Beach users have been warned to beware of stinging jellyfish after an "unprecedented" number of reports of the creatures being stranded across the UK.
The Marine Conservation Society (MCS) has received more than 60 reports of Portuguese-Man-of-War, a jellyfish-like creature, stranded on beaches on the Isle of Wight, Devon, Cornwall, Wales and the Isle of Man in the past six weeks.
It also received reports of a mass stranding of the mauve stinger jellyfish on the Isle of Lewis last week, as part of its national Jellyfish Survey.
MCS said it was the third consecutive year that large numbers of the species have been recorded late in the year on the west coast of the UK. Large swarms of mauve stingers can have economic consequences, the MCS said, killing caged fish in fish farms and making the sea hazardous for bathing, affecting the tourism industry.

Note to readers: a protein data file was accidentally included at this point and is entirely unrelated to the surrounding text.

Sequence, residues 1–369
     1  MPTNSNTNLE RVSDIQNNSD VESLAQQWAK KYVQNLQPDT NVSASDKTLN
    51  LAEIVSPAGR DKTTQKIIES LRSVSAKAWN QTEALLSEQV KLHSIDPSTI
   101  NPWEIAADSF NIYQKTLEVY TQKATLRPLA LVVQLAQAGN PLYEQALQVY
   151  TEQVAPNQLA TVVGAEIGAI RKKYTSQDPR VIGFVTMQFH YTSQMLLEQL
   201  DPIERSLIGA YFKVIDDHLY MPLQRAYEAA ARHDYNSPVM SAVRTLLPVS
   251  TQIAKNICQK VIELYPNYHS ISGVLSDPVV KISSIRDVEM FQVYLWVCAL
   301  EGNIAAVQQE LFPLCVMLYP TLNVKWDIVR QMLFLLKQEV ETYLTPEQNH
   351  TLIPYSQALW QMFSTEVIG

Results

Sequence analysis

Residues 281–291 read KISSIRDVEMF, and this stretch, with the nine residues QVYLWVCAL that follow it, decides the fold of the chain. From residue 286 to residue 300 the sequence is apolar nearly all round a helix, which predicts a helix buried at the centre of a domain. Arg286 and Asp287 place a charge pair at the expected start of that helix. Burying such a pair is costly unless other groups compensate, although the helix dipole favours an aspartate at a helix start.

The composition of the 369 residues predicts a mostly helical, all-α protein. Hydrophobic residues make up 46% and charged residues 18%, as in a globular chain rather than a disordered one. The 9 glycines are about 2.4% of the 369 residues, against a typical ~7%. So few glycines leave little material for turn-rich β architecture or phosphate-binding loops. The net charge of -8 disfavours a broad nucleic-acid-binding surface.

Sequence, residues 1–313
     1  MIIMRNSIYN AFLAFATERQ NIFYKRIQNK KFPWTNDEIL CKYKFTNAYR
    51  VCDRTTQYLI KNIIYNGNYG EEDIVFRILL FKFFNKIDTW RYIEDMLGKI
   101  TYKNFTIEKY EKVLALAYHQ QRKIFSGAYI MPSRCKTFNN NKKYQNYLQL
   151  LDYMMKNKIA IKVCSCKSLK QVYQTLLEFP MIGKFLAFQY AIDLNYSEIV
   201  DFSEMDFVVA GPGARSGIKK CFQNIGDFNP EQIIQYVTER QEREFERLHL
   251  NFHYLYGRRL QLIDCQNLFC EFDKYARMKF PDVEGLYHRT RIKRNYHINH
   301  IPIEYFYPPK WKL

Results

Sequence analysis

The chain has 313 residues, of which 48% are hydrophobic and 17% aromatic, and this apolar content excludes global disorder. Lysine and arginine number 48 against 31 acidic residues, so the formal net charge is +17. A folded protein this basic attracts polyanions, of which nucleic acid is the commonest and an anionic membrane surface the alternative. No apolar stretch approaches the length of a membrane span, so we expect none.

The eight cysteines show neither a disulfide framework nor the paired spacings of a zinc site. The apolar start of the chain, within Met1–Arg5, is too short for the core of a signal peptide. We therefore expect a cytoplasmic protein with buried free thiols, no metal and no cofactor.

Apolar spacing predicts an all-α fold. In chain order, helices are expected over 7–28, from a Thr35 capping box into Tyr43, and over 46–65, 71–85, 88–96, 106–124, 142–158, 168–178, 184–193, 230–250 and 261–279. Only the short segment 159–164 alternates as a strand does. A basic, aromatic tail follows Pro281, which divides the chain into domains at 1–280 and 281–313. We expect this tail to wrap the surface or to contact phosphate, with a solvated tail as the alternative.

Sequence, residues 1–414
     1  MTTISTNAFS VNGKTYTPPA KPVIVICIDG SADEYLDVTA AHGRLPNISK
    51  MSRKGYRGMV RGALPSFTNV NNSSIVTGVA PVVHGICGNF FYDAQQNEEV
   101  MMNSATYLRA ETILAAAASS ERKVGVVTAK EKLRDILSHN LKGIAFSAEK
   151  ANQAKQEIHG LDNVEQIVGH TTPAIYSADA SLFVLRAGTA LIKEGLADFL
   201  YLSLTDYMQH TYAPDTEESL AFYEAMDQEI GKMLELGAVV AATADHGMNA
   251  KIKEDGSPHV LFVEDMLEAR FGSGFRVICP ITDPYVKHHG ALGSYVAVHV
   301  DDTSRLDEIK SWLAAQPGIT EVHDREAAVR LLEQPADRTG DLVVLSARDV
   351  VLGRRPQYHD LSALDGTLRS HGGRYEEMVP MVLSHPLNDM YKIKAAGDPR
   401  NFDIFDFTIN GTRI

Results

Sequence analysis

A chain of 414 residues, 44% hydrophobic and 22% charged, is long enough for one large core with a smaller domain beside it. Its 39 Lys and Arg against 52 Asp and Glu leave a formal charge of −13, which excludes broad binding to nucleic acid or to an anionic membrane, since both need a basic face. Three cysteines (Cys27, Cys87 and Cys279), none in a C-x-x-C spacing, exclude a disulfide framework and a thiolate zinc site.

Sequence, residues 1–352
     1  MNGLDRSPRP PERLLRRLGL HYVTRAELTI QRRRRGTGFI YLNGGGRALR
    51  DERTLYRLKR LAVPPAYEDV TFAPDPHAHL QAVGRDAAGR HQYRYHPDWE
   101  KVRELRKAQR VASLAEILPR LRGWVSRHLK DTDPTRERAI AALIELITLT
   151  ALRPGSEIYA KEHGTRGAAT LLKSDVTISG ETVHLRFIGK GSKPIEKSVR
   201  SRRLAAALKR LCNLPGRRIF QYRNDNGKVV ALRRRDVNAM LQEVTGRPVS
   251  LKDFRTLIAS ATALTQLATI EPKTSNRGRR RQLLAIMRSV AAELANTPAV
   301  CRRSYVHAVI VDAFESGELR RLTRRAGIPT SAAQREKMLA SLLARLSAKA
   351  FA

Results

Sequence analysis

Peter Richardson, MCS biodiversity programme manager, said: "Between 2003 and 2006 the MCS jellyfish survey received less than 10 reports of Portuguese-Man-of-War, but in the summers of 2007 and 2008 they started stranding on beaches in the South-west in greater numbers. This summer we have received over 60 reports involving hundreds of Portuguese-Man-of-War – many more than in previous years. We are urging the public to help us record these jellyfish swarms so we can warn relevant local interests, such as fish farms, about their arrival.
"We encourage anyone who encounters a jellyfish to download our free identification guide, carefully identify and then report the jellyfish to our survey online at the MCS website."